As was reported in CoreLogic’s October Home Value Index Results, growth conditions were flat across both the combined capital cities and the combined regional areas of Australia.
“Throughout the individual capital cities, falls were recorded in Sydney (-0.5%), Darwin (-1.6%) and Canberra (-0.1%), while values were unchanged in Adelaide and Perth [and] rose elsewhere,” said Cameron Kusher, head of research at CoreLogic.
The rate of growth in dwelling values appears to be slowing across the markets, and this is highlighted when analysing the change in values over the three months to October.
“Over the [three months to October], national values have increased by 0.3% with combined capital city values 0.4% higher and regional values falling by -0.1%,” Kusher said. “Over the three months, values have fallen in Sydney (-0.6%), Perth (-0.7%) and Darwin (-4.4%).
“Across the remaining capital cities, dwelling value increases have been recorded in Melbourne (+1.9%), Brisbane (+0.6%), Adelaide (+0.1%), Hobart (+3.3%) and Canberra (+1.1%). The -0.6% quarterly fall in Sydney dwelling values is the greatest since March 2016.”
Over the 12 months to October of this year, national dwelling values have risen by 6.6%, with the combined capital cities registering increases of 7% and combined regional markets seeing values rise by 4.9%.
“Hobart is the capital city with the fastest annual rate of value growth (12.7%) followed by Melbourne (11.0%), Sydney (7.7%), Canberra (6.4%), Adelaide (4.6%) and Brisbane (2.7%),” Kusher said. “Values have continued to decline over the past year in Perth (-2.5%) and Darwin (-5.7%).”
Most affordable suburbs saw slower price growth
The CoreLogic Stratified Hedonic Index indicates that the slowdown is being led by the lower end of the housing market.
Twenty-five percent of the most affordable properties across Australia saw values decline by 0.3% over the three months to October 2017. In contrast, the middle 50% of suburbs saw values increase by 0.8%, and the most expensive 25% of suburbs saw values rise by 0.4%.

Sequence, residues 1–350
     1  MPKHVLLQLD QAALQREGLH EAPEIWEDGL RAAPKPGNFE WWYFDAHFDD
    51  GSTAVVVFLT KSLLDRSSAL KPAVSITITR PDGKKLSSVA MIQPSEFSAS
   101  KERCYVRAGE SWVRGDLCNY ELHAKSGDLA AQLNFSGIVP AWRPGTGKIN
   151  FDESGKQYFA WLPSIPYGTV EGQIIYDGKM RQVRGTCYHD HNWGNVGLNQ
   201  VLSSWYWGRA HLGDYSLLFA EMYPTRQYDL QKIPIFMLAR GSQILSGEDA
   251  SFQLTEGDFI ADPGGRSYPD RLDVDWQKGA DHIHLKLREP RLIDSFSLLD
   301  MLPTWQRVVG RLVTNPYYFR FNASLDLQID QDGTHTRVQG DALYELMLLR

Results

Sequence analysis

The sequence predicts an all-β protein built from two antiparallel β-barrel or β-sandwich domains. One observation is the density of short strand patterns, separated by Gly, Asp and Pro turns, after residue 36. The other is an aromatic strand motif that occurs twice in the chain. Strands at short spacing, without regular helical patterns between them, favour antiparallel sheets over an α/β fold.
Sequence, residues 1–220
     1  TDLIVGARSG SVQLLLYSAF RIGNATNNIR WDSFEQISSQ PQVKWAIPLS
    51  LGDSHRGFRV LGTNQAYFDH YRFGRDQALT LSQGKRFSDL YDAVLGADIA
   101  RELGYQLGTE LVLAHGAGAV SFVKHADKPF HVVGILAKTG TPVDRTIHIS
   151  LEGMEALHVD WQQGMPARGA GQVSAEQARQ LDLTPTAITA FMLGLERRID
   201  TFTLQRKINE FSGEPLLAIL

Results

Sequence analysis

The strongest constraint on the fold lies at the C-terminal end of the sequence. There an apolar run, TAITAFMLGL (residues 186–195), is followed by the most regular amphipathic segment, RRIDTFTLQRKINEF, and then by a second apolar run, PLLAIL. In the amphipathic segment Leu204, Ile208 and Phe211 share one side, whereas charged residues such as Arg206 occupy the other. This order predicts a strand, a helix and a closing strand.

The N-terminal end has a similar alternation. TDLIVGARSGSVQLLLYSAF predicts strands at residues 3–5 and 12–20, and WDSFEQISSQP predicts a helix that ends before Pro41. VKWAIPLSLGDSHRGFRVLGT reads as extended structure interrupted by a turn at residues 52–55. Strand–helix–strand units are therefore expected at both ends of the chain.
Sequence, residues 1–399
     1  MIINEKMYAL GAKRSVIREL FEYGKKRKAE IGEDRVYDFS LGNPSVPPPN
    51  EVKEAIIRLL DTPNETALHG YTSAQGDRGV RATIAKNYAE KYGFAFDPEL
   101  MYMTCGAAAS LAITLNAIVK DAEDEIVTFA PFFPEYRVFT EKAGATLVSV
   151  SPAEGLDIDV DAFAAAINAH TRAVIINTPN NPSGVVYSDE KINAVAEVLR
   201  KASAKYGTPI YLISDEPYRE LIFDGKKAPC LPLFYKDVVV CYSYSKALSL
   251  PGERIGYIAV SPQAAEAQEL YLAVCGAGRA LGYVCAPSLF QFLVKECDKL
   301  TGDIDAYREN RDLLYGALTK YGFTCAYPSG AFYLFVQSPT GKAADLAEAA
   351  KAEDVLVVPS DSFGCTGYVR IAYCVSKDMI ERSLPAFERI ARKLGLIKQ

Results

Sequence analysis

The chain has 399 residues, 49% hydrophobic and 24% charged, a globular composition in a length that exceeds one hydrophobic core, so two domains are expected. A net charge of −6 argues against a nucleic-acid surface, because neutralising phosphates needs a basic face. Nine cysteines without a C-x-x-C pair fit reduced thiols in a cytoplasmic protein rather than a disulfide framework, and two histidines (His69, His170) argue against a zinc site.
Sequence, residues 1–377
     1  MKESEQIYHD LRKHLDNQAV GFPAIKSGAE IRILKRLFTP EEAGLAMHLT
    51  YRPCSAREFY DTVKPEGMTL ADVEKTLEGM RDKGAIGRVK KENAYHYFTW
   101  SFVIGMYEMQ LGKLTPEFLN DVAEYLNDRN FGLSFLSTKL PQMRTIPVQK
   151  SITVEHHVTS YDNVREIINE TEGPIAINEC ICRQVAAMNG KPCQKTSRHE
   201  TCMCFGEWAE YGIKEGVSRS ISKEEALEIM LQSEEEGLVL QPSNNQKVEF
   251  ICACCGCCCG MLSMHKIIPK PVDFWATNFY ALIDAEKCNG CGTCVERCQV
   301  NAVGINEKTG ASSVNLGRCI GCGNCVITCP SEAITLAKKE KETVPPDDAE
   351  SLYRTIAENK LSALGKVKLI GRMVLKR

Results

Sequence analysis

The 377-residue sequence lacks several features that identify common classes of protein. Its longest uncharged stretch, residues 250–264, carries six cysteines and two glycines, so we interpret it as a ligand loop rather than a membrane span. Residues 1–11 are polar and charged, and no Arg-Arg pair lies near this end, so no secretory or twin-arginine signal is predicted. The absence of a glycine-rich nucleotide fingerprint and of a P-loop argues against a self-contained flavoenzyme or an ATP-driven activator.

“The most affordable suburbs have seen values rise by just 2.2% over the past year compared to 6.9% across the middle 50% of properties and 8.2% across the most expensive 25% of properties,” Kusher said.
Across the individual capitals, the trends are more diverse. In Sydney, Melbourne, and Darwin, the most expensive properties have been weakest in terms of growth over the year. Meanwhile, in Brisbane, Adelaide, Perth, Hobart, and Canberra, the most affordable properties have recorded the lowest value changes over the year.
“The best performing segment of the market has been the most affordable properties in Sydney, Melbourne and Darwin, the middle market has been the strongest for growth in Adelaide, Hobart and Canberra, and the most expensive properties have recorded the strongest growth in Brisbane [and] Perth,” Kusher said.
“The results point to varying drivers of market demand with the strength in Sydney and Melbourne at the lower end of the market, while in most other capital cities the more expensive properties appear to be more sought after.”